Caregiver guilty of molesting teen with Down syndrome

Liz Evans Scolforo
York Dispatch

A York County jury has convicted a local caregiver of having sexual contact with a young man who has Down syndrome.

Albert Fraschetti, 63, of Wayne Avenue in York City, remains free on unsecured bail, awaiting sentencing on June 22, according to court records.

Albert Fraschetti

Fraschetti served as a caregiver in 2016 for the then-18-year-old Lower Chanceford Township man.

Jurors on Thursday, March 22, found him guilty of the first-degree misdemeanor charge of indecent assault on a person with a mental disability, according to deputy prosecutor Alissa Cardenas.

A minimum standard-range sentence under state sentencing guidelines calls for anywhere from probation to nine months in prison, Cardenas said.

Fraschetti was fired from his care-giving position after his conduct came to light, she confirmed.

"During questioning by the judge (during trial) ... he indicated he hasn't worked at all since this happened," Cardenas said.

The conviction means Fraschetti will be a Megan's Law offender after sentencing, and it should prevent him from obtaining another caregiver position, according to the prosecutor.

The background: In July 2016, the young man's parents called state police after surveillance cameras they'd installed in their home recorded Fraschetti having physical contact of a sexual nature with their son, court documents state.

The young man's parents had cameras installed in their home because they'd had problems before with caregivers and wanted to be able to monitor their son while they were at work, those documents state.

The video showed Fraschetti and the young man kissing each other and rubbing each other's bare chest and nipples, state police have said.

"(The mother) related she checked the surveillance footage because she had an inkling that something was possibly going on with the defendant and the victim," documents state.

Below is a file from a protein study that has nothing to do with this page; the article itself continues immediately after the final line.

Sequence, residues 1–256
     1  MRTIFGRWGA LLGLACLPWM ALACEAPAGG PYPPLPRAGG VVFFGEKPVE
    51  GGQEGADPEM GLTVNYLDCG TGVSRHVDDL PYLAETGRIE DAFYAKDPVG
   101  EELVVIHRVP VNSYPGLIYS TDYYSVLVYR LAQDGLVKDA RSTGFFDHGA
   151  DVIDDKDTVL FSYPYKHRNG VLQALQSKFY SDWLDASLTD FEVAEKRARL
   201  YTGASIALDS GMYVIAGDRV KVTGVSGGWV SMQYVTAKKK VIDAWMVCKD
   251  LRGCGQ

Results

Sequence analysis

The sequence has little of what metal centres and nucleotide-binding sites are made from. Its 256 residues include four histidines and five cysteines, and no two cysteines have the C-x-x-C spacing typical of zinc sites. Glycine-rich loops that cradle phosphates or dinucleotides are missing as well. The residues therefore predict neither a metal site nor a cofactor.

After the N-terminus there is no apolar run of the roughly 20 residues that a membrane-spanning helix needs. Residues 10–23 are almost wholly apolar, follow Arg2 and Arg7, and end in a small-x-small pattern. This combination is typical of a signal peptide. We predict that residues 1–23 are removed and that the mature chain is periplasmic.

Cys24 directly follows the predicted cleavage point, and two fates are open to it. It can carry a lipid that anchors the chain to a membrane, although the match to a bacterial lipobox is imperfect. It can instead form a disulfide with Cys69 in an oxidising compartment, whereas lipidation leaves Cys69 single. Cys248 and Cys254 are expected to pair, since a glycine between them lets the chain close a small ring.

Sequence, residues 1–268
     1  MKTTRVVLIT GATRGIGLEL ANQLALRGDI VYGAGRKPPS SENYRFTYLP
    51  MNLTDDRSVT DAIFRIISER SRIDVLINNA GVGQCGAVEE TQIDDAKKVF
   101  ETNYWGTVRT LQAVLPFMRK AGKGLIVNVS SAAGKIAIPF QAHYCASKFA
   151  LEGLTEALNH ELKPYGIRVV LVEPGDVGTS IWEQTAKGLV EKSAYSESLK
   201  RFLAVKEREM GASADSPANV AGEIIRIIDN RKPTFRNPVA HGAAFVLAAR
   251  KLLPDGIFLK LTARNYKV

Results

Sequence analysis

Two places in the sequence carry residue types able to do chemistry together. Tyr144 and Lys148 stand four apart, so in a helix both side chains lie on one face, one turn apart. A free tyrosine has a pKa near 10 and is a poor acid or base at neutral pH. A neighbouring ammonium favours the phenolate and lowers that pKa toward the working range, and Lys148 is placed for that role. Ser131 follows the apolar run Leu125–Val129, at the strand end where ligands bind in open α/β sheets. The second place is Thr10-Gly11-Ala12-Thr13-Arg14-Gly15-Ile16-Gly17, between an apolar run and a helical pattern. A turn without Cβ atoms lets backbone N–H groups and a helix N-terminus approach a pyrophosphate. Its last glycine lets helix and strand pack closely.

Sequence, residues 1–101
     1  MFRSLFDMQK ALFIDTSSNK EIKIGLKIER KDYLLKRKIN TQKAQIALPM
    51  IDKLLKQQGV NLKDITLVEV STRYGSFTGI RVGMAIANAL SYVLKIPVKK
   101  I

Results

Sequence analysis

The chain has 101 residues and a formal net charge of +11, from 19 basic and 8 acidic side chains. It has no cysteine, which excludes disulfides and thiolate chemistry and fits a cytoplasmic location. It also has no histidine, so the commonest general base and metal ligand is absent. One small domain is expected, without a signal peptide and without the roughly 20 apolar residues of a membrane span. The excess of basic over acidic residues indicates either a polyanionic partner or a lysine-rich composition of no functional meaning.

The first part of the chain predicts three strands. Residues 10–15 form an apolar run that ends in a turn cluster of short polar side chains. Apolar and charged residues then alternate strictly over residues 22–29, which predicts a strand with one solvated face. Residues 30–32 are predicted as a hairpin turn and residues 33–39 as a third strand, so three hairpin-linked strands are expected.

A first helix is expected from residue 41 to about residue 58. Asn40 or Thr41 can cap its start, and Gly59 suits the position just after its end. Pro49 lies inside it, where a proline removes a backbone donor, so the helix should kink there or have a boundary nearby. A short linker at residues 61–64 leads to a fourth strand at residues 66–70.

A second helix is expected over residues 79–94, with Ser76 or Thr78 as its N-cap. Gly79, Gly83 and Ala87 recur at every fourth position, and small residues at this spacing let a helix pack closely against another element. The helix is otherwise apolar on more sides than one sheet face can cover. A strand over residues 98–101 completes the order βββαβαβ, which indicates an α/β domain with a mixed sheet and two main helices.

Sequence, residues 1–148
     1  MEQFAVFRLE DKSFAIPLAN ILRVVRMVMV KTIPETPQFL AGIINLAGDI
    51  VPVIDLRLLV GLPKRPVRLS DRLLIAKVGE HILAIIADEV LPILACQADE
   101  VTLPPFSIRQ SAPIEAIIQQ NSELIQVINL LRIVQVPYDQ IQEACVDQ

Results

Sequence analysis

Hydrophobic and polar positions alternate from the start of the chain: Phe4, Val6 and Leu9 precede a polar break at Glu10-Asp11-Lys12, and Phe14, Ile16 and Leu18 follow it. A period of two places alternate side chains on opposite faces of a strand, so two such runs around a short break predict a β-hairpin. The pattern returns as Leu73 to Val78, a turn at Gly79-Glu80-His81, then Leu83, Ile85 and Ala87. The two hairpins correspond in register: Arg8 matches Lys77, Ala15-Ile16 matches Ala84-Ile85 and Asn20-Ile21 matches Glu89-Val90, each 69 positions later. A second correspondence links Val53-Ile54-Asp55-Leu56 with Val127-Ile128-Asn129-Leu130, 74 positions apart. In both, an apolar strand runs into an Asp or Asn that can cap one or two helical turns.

At the time, the young man had the mental capacity of a third-grader, according to his family, who said Fraschetti served as the young man's caregiver for two to three months.

Cardenas said the young man didn't testify because it was determined he was not competent to do so.

"With a case like this, where the victim doesn't testify, it can be pretty difficult," she said. "But because of the cameras, we had a good case. This might not have even been reported or detected (without those cameras)."

Cardenas said the jury "absolutely made the right call."

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Blamed teen: When police questioned Fraschetti in September 2016, he repeatedly told them that the young man was the aggressor, according to documents.

Fraschetti said the young man would play with Fraschetti's piercings, which were on his nipples, navel and penis, documents state. He also said the alleged victim saw his penis perhaps once or twice, police said.

Fraschetti told police the young man would try to kiss him and would rub his chest, despite Fraschetti telling him to stop, according to documents.

"The defendant related he would tell the victim to not rub his nipples, but the victim would overpower the defendant," documents state. "He related it was futile to tell the victim to stop."

Fraschetti also said he had his pants pulled down by the young man, according to documents.

His attorney, public defender Eric White, did not return a phone message seeking comment Monday, March 26.

— Reach Liz Evans Scolforo at or on Twitter at @LizScolforoYD.